What advice would you give to the aspiring actor?

    Go to every audition you can. Do every reading you can. Practice more than anyone. Make a game out of how many hours you can concentrate on a script and a character. I auditioned over a year for this show. I was never right for the character they were casting, but they thought I was talented and kept bringing me back. The character that ended up working out is a regular on the show. This is how I have booked many roles in life. I come in the door, knowing I may not be right for that character, but perform so well  that hopefully someone in the room is up at night thinking, “We need to figure out a way to put her in this show.” This opportunity would have never happened if I stopped doing the “work” of the actor: dreaming, creating, and crafting. As actors, we have to be our own biggest fans, even if there is no proof that we are even good at it. Confidence and perseverance is what wins in the game of acting.

    Any specific advice on booking roles in television?

    Learn how to take direction! Learn how to ask the right questions in the right manner. Both will give you so many opportunities to shine as a professional. Don’t put too much emphasis on if you book a role or not, worry that you gave it your all. We are actors not “auditioners.” I use each audition as a case to experiment in developing deeply interesting characters. If I book it, it’s icing on the cake. Whatever you have control over as an actor, do all you can, and leave the rest to the universe to sort out. Most importantly, surround yourself with lots of love. People should want to work with you as soon as you enter the room.

    So, tell us about your role in VH1’s Single Ladies.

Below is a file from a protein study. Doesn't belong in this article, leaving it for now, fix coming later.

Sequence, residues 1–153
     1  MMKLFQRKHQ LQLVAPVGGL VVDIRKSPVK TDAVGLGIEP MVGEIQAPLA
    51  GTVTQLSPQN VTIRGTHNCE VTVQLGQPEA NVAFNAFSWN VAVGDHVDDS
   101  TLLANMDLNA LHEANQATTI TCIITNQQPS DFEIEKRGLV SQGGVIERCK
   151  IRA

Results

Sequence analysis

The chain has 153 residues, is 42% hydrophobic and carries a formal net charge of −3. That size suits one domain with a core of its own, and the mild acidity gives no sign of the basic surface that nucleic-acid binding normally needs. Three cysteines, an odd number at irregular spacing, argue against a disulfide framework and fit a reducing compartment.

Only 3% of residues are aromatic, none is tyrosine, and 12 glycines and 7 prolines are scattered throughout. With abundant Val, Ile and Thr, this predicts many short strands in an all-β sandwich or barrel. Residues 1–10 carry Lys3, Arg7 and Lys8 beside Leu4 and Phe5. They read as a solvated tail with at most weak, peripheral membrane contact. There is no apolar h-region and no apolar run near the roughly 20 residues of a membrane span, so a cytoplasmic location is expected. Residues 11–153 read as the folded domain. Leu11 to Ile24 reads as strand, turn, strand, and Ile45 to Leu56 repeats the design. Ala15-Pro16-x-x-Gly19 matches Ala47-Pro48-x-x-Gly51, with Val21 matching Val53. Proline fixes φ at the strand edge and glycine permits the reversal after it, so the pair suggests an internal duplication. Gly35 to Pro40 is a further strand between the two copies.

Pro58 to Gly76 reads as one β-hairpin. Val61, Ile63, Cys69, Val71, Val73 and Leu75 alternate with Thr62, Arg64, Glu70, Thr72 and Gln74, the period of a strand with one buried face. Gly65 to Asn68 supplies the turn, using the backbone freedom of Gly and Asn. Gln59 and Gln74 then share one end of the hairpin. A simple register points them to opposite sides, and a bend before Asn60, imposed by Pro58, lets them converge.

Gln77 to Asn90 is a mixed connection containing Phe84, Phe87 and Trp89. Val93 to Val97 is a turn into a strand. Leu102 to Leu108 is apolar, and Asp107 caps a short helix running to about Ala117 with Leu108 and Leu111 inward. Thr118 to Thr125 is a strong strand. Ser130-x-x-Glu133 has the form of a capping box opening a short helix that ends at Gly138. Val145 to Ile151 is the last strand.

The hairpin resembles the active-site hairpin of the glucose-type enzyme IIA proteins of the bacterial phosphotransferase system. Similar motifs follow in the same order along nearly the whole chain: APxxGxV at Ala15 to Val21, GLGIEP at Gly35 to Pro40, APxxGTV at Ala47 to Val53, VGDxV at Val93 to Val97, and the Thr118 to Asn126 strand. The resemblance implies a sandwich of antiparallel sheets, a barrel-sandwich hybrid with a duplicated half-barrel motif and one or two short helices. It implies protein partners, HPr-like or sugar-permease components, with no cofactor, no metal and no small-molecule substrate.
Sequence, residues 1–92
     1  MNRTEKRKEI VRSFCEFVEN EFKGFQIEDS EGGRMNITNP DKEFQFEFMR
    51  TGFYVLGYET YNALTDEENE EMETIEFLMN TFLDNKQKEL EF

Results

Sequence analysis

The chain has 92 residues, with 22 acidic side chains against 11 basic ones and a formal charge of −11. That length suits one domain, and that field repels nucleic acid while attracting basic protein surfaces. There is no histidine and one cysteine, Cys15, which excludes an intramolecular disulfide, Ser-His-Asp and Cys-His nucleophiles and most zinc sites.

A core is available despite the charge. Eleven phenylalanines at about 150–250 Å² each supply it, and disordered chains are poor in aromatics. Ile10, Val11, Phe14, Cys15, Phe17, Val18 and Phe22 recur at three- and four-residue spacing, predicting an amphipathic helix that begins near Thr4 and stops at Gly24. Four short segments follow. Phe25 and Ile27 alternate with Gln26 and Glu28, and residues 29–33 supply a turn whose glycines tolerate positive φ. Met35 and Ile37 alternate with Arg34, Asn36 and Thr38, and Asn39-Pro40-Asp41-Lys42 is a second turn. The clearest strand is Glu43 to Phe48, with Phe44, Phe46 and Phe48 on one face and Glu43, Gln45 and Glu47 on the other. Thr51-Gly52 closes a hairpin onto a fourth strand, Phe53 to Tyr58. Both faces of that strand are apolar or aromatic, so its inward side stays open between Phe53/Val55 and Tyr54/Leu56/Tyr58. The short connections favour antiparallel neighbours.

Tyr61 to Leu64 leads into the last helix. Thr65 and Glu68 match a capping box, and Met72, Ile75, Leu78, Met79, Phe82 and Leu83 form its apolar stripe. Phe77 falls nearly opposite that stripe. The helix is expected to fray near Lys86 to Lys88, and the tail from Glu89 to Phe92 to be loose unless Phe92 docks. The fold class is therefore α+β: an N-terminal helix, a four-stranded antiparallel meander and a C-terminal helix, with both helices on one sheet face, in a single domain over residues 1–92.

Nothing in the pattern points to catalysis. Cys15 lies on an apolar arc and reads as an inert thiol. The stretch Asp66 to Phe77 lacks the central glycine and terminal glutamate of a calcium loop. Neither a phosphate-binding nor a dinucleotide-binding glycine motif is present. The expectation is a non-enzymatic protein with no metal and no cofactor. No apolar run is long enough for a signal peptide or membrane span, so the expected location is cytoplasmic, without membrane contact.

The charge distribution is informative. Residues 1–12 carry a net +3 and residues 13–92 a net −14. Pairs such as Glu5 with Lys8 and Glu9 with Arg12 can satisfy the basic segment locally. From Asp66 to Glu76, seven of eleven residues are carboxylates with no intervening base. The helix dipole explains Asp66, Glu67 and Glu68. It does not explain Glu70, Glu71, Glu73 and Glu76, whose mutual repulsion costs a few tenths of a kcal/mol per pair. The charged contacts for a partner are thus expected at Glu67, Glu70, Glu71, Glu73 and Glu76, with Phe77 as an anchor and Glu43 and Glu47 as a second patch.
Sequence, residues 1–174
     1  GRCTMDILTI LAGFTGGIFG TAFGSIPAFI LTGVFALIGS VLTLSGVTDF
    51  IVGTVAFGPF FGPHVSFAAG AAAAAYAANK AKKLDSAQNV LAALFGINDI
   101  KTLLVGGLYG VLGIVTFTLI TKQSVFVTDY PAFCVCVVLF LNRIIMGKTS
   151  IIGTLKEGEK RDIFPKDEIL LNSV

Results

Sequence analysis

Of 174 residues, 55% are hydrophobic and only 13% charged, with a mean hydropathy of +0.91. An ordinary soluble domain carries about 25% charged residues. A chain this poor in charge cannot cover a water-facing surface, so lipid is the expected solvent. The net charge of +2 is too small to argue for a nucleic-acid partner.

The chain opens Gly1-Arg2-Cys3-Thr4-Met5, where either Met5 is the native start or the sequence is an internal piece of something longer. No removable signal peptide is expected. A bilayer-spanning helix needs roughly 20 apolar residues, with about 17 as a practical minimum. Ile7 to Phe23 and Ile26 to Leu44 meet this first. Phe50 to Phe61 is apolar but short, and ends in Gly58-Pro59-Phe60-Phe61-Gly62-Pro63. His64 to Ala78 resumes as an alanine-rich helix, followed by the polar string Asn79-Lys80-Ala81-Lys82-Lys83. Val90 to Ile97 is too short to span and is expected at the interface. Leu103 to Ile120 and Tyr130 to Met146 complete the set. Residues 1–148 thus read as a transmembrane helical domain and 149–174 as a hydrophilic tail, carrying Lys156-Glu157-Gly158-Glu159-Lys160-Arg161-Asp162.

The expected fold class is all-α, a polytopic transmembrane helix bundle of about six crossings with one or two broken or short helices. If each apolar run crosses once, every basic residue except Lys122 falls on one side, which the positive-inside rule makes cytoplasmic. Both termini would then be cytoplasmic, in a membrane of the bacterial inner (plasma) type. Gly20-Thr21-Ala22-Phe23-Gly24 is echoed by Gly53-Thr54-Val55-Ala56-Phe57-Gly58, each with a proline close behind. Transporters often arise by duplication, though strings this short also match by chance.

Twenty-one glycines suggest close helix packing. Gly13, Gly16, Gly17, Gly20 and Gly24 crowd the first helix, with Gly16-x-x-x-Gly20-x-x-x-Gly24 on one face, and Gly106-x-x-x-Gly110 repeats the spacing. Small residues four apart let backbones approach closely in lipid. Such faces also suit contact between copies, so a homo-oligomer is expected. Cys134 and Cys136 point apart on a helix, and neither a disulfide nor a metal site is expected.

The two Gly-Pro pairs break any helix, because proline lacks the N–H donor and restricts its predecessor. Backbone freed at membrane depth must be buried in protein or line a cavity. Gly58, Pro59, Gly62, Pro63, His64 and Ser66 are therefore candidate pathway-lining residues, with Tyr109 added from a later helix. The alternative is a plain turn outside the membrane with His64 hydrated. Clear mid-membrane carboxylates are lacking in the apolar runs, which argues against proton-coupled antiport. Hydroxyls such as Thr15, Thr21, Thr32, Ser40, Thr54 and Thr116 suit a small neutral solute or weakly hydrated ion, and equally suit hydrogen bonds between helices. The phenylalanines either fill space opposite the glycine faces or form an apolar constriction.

I auditioned three times over the course of a month. I felt a connection to the role from day one. I loved how silly, loving, and real she felt to me. I hadn’t seen a young black female character written so beautifully the way that Stacy Littlejohn, creator of the show, had made her. All I had to do was breathe life into her words. Every time I came back for the call back, I’d meet new producers who felt like family. On set, work doesn’t start until we hug and greet each other.

    To do a TV show is a marathon. It has been some of the hardest work in my life. It has also been some of the most fun I’ve ever had as actor. I love that everyday I get to act as my character evolves. The hours on set are long. To act for TV, you need stamina and a high level of discipline at all times.

    See Cassie’s new character debut Monday Jul 16th at 9pm on VH1’s Single Ladies.

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    July 12, 2012 • #WomenOfNYFA, Acting, Diversity, Student & Alumni Spotlights • Views: 6065

  • Financing Your Indie Film and Developing an Audience

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    Rohit Gupta is a Mumbai native who came to the United States over 12 years ago. Coming from a family of entrepreneurs, Rohit didn’t have “the slightest idea about filmmaking” until he joined the New York Film Academy  for a 4 week film workshop. Realizing his passion for the craft, he extended his stay and enrolled into the one year conservatory program. Rohit was an MBA graduate who came from a family of entrepreneurs. He decided to take his shot in an “unstable” industry and fell in love. The film assignments he was working on for classes became inspiration for later works. Another Day, Another Life was shot in seven hours, edited on his laptop, and completed on a $100 budget. His first feature film Life! Camera Action was shot in ten days with a two member crew on a Panasonic DVX 100. Rohit has claimed that his rounds on the festival circuit, including the Short Films Corner at Cannes, has resulted in over 100 awards and accolades internationally. Talk about independent success on a micro-budget!

    As an independent filmmaker, Rohit has compelling views on cultivating an audience and working with financiers to distribute your film. Rohit credits his success to his drive and ambition. He has an optimistic outlook in a field with many pitfalls and setbacks. “There is nothing more or less to it than just doing it now. With pure excitement, love and compassion in your heart, all will fall in place magically.” For any aspiring filmmaker, the most important thing is to keep an open mind. He advises current students to think of the possibilities, explore them, and figure out what they ultimately want to do. “The fun is to create something with what resources we have on-hand than worrying about what we don’t.”